Aizoaceae

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Aizoaceae
Sesuvium portulacastrum
Scientific classification e
Kingdom: Plantae
Clade: Angiosperms
Clade: Eudicots
Order: Caryophyllales
Family: Aizoaceae
Martynov
Genera

See text

Aizoaceae or Ficoidaceae (the fig-marigold family or ice plant family) is a family of dicotyledonous flowering plants containing 135 genera and about 1900 species. They are commonly known as stone plants or carpet weeds. Species that resemble stones or pebbles are sometimes called mesembs. Several species are known as "ice plants".

Description[edit]

The family is widely recognised by taxonomists, although once it went by the botanical name "Ficoideae", now disallowed. The APG II system of 2003 (unchanged from the APG system of 1998) also recognises the family, and assigns it to the order Caryophyllales in the clade core eudicots. The APG II system also classes the former families Mesembryanthemaceae Fenzl (1836) , Sesuviaceae Horan. (1834) and Tetragoniaceae Link (1831) under the family Aizoaceae.

Most species (96%, 1782 species in 132 genera) in this family are endemic to arid or semiarid parts of southern Africa,[1] but a few are from Australia and the Central Pacific. Most of these species are succulents and belong to the subfamilies Mesembryanthemoideae and Ruschioideae and are loosely termed mesems or mesembs.

Most fig-marigolds are herbaceous, rarely somewhat woody, with stems growing either erect or prostrate. Leaves are simple, opposite or alternate, and more or less succulent with entire (or rarely toothed) margins. Flowers are perfect in most species (but unisexual in some), actinomorphic, and appear singularly or in few-flowered cymes developing from the leaf axils. Sepals are typically five (3-8) and more or less connate (fused) below. True petals are absent. However, some species have numerous linear petals derived from staminodes. The fruit is a capsule with one to numerous seeds per cell.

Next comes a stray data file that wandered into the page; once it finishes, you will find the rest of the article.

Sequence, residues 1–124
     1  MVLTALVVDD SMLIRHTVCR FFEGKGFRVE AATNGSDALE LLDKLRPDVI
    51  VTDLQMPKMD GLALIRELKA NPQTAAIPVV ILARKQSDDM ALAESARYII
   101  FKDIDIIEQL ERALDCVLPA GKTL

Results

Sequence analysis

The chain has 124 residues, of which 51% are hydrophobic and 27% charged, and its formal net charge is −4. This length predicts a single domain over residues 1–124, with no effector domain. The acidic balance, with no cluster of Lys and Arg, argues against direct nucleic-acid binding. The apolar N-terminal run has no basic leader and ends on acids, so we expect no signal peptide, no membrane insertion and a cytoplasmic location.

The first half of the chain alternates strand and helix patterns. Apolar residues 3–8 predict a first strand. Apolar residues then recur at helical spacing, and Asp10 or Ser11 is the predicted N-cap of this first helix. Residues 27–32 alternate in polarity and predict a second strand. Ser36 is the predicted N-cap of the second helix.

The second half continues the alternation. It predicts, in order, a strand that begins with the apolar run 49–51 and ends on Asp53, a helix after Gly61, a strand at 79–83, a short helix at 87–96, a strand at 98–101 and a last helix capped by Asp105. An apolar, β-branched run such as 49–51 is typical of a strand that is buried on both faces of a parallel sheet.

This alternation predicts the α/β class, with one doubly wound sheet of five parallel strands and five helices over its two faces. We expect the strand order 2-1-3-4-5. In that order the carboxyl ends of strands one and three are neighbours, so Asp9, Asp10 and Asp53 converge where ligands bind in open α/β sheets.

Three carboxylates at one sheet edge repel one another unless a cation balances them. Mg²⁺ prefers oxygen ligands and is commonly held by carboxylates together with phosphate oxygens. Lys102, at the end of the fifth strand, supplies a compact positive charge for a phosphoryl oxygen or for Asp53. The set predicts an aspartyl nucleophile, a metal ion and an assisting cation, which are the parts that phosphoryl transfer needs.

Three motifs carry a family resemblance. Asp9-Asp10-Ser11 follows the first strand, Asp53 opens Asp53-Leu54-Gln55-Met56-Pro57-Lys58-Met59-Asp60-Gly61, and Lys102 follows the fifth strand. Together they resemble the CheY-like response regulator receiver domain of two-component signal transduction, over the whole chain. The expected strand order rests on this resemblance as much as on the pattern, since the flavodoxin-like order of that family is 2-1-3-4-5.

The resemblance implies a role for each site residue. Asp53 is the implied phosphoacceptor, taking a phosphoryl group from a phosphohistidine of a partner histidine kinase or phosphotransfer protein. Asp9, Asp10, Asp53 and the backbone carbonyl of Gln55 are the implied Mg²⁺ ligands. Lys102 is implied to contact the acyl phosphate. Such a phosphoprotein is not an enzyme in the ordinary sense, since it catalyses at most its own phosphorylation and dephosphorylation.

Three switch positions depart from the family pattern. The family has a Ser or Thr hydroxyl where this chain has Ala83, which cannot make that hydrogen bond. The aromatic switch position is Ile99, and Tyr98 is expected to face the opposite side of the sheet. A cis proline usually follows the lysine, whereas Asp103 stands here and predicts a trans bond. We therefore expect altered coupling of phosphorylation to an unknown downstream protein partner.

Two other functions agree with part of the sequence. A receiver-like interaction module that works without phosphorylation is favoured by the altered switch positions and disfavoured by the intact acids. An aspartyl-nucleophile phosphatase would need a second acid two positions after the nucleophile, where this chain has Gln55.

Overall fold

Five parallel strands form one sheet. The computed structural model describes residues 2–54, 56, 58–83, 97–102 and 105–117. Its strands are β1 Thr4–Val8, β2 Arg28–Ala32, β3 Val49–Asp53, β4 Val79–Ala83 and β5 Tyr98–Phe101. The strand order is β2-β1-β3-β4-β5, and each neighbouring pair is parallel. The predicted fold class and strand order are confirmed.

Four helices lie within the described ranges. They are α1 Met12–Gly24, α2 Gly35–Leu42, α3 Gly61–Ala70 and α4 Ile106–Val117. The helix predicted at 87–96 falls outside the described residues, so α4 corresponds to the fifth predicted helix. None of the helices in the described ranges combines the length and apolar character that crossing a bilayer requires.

A few species (especially Carpobrotus edulis, commonly called ice plant) have been widely introduced and become invasive.

Uses[edit]

Several Aizoaceae are edible, including:

Carpobrotus edulis was introduced to California to stabilize soil along railroad tracks.

Ice plant thrives in southern California. People surround their property with it believing it will act as a firewall to protect against wildfires; ice plant contains so much water, it does not burn if carefully maintained.

Genera[edit]

Aptenia cordifolia or rock rose
Ice plant (Carpobrotus edulis)
Jensenobotrya lossowiana
Drosanthemum speciosum
Cephalophyllum spec.
Odontophorus angustifolius Richtersveld N.P.
Fenestraria rhopalophylla

Subfamily Aizooideae[edit]

Subfamily Mesembryanthemoideae[edit]

Subfamily Ruschioideae[edit]

Tribe Apatesieae
Tribe Dorotheantheae
Tribe Ruschiae

Subfamily Sesuvioideae[edit]

Incertae sedis[edit]

Footnotes[edit]

  1. ^ Chesselet, P., Smith, G.F., Burgoyne, P.M., Klak, C., Hammer, S.A., Hartmann, H.E.K., Kurzweil, H., van Jaarsveld, E.J., van Wyk, B-E. & Leistner, O.A (2000). "Seed Plants of Southern Africa". Strelitzia 10: 360–410. 
  2. ^ "GRIN Genera of Aizoaceae subfam. Aizooideae". Germplasm Resources Information Network. Retrieved 2011-03-04. 
  3. ^ "GRIN Genera of Aizoaceae subfam. Mesembryanthemoideae". Germplasm Resources Information Network. Retrieved 2011-03-04. 
  4. ^ "GRIN Genera of Aizoaceae tribe Apatesieae". Germplasm Resources Information Network. Retrieved 2011-03-04. 
  5. ^ "GRIN Genera of Aizoaceae tribe Dorotheantheae". Germplasm Resources Information Network. Retrieved 2011-03-04. 
  6. ^ "GRIN Genera of Aizoaceae tribe Ruschiae". Germplasm Resources Information Network. Retrieved 2011-03-04. 
  7. ^ "GRIN Genera of Aizoaceae subfam. Sesuvioideae". Germplasm Resources Information Network. Retrieved 2011-03-04. 

References[edit]

  • Bittrich V. H. E. K. Hartmann (1988). "The Aizoaceae — a new approach". Bot. J. Linn. Soc. 97 (3): 239–254. doi:10.1111/j.1095-8339.1988.tb01581.x. 
  • Cornelia Klak, Angeline Khunou, Gail Reeves and Terry Hedderson (2003). "A phylogenetic hypothesis for the Aizoaceae (Caryophyllales) based on four plastid DNA regions". Amer. J. Bot. 90 (10): 1433–1445. doi:10.3732/ajb.90.10.1433.  - on line here

External links[edit]